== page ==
Nam bears the torch in dealing with human-animal conflict

by Annines Angula

Namibia is cherished for its scintillating land outcrops including the Namib deserts whose beauty serenades travellers into the shores of the Atlantic Ocean has now capped a new high in finding harmony between its human inhabitants and its fauna. The country has found a perfect way of encouraging co-existence between the marauding wild animals especially elephants which most cases have left villagers in the outskirts of the Erongo region without portable water as they destroy the few rise and developmental partners.

The solution to the conflict between humans and animals in Namibia’s marginalised communities seem to have come through the establishment of conservancies.

Alas, the country is viewed as having the best-managed wildlife conservancies in the Southern African Development Community driven by constant investments by the Government and development partners in creating community-based conservancies. Other countries that have laid the best such conservancies in Africa are Botswana, Kenya Zimbabwe, and South Africa. These are driven by finding ways of building more water reservoirs emanating from the aquifers where both humans and wild animals can share the precious liquid without infringing on each other’s declared and none declared rights.

It took the celebration of World Wild Life Day this past weekend for the Country’s Minister of Environment and Tourism Pohamba Shifeta to share with the world his motherland’s success story in implementing a perfect conflict resolution between animals and humans in Namibia. Well, it’s not usual that such conflict resolutions make headlines in African, a continent where words like resolutions are associated with dealing with the armed militia that is aiming to take over democratically elected Government, but well this song is being sung in Namibia in communities between wild animals and humans.

“Today we are gathered here to celebrate World Wildlife day and as a country, we have made major strides in promoting co-existence between our wild animals and our human population. Through partnerships with developmental partners, we have invested in the creation of water reservoirs in marginalised areas and conservancies including Ohungu conservancy to make sure that animals do not continue ravaging your homesteads and crops.

“ We have been used to hearing complains of villagers cry over elephants that destroy their crops but in the end we need to know that these are our animals and we must devise plans where we both co-exist,” a rather jovial Shifeta told a gathering of villagers in Omatjete in the outskirts of the coastal Erongo region.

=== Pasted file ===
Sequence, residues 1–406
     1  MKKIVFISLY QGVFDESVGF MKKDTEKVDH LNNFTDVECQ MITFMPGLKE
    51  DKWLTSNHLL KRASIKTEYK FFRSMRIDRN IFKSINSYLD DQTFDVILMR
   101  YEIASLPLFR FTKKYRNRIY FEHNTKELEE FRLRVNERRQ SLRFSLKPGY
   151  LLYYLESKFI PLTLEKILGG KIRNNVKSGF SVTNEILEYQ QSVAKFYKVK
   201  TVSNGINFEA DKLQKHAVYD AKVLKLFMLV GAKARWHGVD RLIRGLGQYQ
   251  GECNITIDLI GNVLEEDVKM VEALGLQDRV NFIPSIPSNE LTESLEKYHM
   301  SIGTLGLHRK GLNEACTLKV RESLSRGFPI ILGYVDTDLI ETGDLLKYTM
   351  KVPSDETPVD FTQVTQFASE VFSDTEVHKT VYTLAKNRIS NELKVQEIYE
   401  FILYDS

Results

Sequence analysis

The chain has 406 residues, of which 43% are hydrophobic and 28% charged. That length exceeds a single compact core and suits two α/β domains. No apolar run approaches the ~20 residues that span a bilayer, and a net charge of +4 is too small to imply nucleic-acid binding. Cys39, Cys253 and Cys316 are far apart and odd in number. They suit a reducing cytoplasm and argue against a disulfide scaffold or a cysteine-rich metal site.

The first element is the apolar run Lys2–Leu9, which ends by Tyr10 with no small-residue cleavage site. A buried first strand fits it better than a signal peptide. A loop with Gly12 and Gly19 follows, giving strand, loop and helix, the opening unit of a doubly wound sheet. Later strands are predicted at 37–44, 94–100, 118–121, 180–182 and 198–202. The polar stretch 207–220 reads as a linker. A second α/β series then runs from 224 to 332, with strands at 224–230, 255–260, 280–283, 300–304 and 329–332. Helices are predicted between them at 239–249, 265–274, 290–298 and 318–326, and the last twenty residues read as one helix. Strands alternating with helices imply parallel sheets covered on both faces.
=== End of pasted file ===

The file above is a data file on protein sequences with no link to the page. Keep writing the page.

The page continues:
According to Pohamba, his Government has been implementing a long term plan that would save villagers from night running battles with elephants which destroyed homesteads while looking for water sources through creating the same water sources in the midst of the country’s forests. Thanks to the Namibian Government’s efforts and other partners including the GIZ, the United Nations Development Fund as well as cases where elephants attack villagers have drastically been lowered.

“We believe that animals are part of the natural resources that our people should benefit from hence we have set up these conservancies where a certain portion of the earnings collected through trophy hunting can be used to develop local communities. This however only works if we manage to co-exist and make sure that we find ways of sharing the most important resources such as water with the animals,” Shifeta added.

As weird as it seems drinking water is quite a scarce resources in the marginalised areas of the Erongo region which predominantly under desert conditions and villagers have to make do with the little that is available and scenarios where elephants destroy the little infrastructure that preserves water do not make life that easy.

Perhaps that explains the anger that villagers in the small village of Omatjete in Namibia showed while engaging the minister of continuously improving methods that promote coexistence between themselves and animals in the area. Shifeta, however, added that despite the many success stories where humans are now living in peace with animals serve for predators his Government still faces a plethora of challenges in sustaining the growth of the established conservancies.

“As a government, we will continue working with partners to finance such an initiative where solutions are found in dealing with human-wildlife conflicts. Days as this one where we meet and celebrate allows direct interaction with communities and finding solutions to the raised problems,” he said.

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